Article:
>Q: My 15-year-old cat has been grooming himself forever, pulling out his own hair and eating it. His fur has gotten so thin. The veterinarian calls this "barbering" but doesn't know why the cat is doing it. Any ideas?
-- D.T., Gloucester, Va.
A: "We conducted a study which demonstrated that for most cats who over-groom themselves, there's a medical explanation, at least in great part," says veterinary behaviorist Dr. Gary Landsberg, of Thornhill, Ont. "It may be a flea allergy, inhalant allergy, food allergy, or a combination. Other possibilities include a hyperthyroid or a response to intestinal pain."
I will assume at this point that your cat has been examined for parasites and has had a thorough physical exam. Landsberg explains that cats with an allergy usually respond to steroids. However, placing a 15-year-old cat on a steroid might be problematic. Another option is to begin a novel food trial, feeding your cat only a prescription hypoallergenic diet for several months.
If your cat's "barbering" turns out to a behavioral problem, a sort of compulsion, ultimately it may make sense to see a veterinary behaviorist or AVSAB member veterinarian. For cats who lick themselves compulsively, an anti-anxiety drug may be recommended.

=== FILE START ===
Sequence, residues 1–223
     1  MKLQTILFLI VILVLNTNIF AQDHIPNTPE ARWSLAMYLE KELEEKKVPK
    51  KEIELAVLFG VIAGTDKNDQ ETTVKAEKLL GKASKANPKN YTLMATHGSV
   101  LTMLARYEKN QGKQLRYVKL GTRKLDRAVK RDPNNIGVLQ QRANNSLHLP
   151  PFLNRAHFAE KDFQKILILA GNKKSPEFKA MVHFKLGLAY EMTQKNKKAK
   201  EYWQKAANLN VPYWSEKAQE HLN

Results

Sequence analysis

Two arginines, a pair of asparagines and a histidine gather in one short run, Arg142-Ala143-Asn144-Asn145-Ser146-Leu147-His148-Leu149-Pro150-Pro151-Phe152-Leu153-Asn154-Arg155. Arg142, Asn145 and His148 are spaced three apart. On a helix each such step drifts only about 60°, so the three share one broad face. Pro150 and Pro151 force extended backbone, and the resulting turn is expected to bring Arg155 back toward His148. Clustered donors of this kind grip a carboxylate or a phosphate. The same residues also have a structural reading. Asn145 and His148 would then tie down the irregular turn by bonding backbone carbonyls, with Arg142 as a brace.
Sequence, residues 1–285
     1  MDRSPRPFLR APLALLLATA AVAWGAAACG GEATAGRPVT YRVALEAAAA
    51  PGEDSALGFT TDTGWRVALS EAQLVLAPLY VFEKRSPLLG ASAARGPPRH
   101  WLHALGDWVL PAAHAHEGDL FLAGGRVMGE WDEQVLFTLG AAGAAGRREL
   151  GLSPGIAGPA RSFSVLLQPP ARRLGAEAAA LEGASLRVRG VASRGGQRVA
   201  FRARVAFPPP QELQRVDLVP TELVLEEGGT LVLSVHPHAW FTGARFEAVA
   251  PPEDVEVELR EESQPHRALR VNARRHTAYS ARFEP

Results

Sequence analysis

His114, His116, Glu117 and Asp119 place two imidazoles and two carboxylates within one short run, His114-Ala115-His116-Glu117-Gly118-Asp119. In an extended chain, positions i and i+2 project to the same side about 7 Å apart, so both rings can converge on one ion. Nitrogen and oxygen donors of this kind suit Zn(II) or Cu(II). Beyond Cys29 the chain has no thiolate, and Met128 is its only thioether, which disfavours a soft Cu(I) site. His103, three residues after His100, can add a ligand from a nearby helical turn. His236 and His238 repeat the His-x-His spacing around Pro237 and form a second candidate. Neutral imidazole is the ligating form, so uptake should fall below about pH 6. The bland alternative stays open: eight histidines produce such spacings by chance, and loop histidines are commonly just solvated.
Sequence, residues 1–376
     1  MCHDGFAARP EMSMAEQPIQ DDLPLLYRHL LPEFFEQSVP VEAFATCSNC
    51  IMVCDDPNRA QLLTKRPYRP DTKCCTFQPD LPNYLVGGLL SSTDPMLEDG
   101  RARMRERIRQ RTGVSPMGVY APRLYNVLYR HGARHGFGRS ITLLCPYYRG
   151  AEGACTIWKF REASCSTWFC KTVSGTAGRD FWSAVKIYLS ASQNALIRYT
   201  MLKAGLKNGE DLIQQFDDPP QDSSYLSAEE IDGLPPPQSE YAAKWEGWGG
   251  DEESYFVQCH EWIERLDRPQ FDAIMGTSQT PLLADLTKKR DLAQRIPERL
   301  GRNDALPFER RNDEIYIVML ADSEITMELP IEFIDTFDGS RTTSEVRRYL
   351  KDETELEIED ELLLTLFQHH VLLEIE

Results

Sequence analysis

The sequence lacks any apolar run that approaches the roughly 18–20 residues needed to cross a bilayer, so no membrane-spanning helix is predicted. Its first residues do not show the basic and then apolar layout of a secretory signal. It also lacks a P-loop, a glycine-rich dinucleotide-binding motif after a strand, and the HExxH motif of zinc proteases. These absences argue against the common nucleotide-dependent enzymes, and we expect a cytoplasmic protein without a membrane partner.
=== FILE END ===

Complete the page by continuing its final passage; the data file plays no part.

Increasing the indoor enrichment for your cat is one thing you can do that won't cost a penny. Offer a varying array of toys. For example, one day provide an empty box. The next day, cut a mouse hole in the box so your cat can poke through for a treat. The day after that, sprinkle catnip in the box. Instead of tossing out wine corks or plastic bottle caps, turn them into cat toys! Consider feeding your cat at least a portion (or even all) of his meals from food puzzles or food-dispensing toys scattered around the house, so he has to "hunt" for his food. Learn more about enrichment for cats from Ohio State University's College of Veterinary Medicine at http://indoorpet.osu.edu/.
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